Election 2024: Rural Jobs Programme Remains Underfunded, Despite High Demand
Shreehari Paliath (IndiaSpend) 24 April 2024
The COVID-19 pandemic has had the most impact on jobs and livelihoods in the last five years. Mahatma Gandhi Rural Employment Guarantee Scheme (MGNREGS), the rural jobs programme which guarantees 100 days of work per household, had become a lifeline for millions of rural workers. A majority of the participants in MGNREGS’s demand-driven work are women. As millions of workers returned to the safety of their homes following the lockdown, the number of people demanding work under MGNREGS swelled to a record 133 million in 2020-21.
While economic growth has stabilised since the peak of the pandemic, India’s employment is largely dominated by poor-quality employment in the informal sector and informal employment, said India Employment Report 2024 by the Institute for Human Development and International Labour Organization. During the past decade, there was only a small increase in the real wages of casual workers and a decline in the real earnings of regular salaried workers and self-employed persons, the report found. The Economic Survey of India 2022-23 has said that “growth in real rural wages has been negative due to elevated inflation.”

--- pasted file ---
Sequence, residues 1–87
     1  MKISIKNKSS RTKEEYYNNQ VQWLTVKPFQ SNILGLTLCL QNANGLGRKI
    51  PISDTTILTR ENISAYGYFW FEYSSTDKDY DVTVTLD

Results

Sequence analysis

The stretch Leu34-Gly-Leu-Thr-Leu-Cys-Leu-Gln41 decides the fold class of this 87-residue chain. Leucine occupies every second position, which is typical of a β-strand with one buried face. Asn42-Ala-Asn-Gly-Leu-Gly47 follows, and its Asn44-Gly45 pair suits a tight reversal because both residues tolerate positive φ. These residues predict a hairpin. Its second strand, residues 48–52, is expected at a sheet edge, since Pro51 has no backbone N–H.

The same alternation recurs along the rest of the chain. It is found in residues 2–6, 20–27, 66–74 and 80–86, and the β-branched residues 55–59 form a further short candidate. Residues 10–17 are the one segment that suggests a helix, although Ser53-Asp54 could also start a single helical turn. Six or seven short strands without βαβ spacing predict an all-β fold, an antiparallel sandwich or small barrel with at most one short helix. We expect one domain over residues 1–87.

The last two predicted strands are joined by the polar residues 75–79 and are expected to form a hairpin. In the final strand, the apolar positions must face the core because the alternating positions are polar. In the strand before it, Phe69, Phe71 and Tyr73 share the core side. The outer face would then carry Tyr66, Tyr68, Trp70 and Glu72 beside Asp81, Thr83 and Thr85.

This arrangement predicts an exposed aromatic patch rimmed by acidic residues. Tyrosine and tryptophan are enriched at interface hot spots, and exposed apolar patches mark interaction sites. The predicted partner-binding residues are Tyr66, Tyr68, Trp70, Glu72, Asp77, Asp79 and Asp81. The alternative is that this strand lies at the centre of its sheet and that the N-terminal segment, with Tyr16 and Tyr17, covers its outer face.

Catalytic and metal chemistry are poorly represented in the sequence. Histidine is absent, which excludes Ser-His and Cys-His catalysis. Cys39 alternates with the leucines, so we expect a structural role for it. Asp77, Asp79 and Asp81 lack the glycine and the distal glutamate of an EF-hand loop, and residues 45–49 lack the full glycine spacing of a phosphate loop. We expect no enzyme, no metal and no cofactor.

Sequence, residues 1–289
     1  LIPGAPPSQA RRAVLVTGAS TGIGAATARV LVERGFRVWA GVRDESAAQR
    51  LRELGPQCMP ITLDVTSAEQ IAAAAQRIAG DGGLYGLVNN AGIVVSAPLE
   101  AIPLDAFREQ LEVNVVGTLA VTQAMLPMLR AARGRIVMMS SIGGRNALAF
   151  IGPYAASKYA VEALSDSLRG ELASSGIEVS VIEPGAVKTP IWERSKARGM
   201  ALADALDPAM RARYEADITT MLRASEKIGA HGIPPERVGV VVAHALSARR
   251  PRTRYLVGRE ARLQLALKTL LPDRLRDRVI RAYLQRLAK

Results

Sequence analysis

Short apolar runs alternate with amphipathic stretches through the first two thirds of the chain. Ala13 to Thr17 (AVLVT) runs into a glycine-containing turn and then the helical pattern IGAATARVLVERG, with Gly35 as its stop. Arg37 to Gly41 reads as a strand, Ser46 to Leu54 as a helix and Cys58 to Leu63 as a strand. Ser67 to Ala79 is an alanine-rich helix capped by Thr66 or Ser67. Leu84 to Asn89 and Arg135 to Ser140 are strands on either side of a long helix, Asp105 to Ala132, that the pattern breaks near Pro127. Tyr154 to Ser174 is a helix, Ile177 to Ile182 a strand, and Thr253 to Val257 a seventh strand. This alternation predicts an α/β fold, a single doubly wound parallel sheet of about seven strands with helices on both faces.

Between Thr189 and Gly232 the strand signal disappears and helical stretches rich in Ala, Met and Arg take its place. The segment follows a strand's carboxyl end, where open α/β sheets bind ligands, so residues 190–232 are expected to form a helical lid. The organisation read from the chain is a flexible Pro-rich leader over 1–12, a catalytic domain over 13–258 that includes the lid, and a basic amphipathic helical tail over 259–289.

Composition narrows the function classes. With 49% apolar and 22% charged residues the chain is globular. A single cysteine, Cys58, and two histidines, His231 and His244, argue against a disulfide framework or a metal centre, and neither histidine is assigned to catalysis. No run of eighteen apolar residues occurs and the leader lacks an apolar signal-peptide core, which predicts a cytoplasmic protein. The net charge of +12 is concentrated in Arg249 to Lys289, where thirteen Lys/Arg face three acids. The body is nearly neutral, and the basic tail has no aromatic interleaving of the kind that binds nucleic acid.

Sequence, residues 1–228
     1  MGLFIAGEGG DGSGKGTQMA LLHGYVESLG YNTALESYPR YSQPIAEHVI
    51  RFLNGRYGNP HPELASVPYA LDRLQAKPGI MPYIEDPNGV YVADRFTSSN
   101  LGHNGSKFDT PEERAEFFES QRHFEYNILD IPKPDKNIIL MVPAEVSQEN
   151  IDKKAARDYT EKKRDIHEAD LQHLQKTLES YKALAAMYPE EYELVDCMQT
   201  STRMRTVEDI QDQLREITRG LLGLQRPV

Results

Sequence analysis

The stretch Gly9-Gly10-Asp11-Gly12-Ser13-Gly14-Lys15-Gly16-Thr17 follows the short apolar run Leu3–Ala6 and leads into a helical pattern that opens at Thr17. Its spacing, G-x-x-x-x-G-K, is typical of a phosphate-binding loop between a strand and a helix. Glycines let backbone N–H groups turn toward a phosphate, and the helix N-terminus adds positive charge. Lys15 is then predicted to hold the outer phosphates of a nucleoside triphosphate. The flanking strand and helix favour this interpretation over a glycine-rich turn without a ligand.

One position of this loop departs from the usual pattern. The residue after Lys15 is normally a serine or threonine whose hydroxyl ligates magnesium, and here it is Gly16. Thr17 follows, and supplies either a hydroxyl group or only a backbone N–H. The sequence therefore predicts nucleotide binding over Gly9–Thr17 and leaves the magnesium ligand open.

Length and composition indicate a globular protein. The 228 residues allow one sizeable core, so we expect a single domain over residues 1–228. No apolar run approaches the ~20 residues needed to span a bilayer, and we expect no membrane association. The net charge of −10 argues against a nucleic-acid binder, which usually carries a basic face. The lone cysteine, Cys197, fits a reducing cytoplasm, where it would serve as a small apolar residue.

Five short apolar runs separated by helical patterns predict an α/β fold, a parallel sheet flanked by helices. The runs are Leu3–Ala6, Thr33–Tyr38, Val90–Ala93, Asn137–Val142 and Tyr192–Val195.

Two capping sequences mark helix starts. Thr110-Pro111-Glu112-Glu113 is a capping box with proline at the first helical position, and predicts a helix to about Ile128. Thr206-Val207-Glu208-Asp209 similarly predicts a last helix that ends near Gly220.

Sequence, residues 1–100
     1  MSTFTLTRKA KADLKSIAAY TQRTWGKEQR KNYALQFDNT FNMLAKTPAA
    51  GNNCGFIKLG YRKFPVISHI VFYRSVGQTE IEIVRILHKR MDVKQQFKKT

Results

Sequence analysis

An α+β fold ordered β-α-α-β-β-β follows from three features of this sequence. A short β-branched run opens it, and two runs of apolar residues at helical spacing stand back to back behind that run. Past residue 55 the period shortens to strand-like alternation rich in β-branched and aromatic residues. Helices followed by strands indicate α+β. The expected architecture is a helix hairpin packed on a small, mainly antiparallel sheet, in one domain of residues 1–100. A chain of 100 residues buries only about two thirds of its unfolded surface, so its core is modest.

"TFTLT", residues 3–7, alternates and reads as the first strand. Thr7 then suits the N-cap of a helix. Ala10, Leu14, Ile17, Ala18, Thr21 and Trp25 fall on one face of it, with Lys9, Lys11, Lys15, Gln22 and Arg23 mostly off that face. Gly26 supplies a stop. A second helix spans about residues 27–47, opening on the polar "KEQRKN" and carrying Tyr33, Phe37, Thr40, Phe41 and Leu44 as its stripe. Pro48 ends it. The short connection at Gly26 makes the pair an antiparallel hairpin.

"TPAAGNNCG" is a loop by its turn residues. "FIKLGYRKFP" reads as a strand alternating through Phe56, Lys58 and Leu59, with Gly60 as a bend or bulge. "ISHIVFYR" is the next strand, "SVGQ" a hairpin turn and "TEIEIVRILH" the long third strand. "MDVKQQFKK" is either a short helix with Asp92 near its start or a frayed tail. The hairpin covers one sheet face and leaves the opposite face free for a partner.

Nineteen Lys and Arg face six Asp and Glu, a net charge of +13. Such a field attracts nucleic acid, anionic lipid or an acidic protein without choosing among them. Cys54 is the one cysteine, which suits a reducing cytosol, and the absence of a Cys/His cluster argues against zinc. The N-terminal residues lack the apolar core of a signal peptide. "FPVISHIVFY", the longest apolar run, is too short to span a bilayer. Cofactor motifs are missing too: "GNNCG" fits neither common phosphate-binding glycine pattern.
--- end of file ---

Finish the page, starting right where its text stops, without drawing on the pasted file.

The Bharatiya Janata Party’s manifesto for the 2024 general election does not mention MGNREGS or a specific national minimum wage, but it promises to ensure a review of National Floor Wages from time to time. Meanwhile, the Indian National Congress manifesto stated that the wage under MGNREGS would be increased to 400 per day.
As India elects its 18th Lok Sabha in a seven-phase election lasting more than 40 days, one of the top concerns among voters is unemployment and the availability of jobs. According to the 2024 Lokniti-CSDS pre-poll survey, unemployment was the biggest concern (27%) followed by price rise (23%). More than three in five people felt that getting jobs had become more difficult than it was five years ago. Rural wages have declined, household demand for rural jobs remains higher than five years ago, and the funds allocated remain inadequate to support timely wages, clear arrears, and pay delay compensations, said experts.
‘Puzzling’, ‘perplexing’ reduction in funds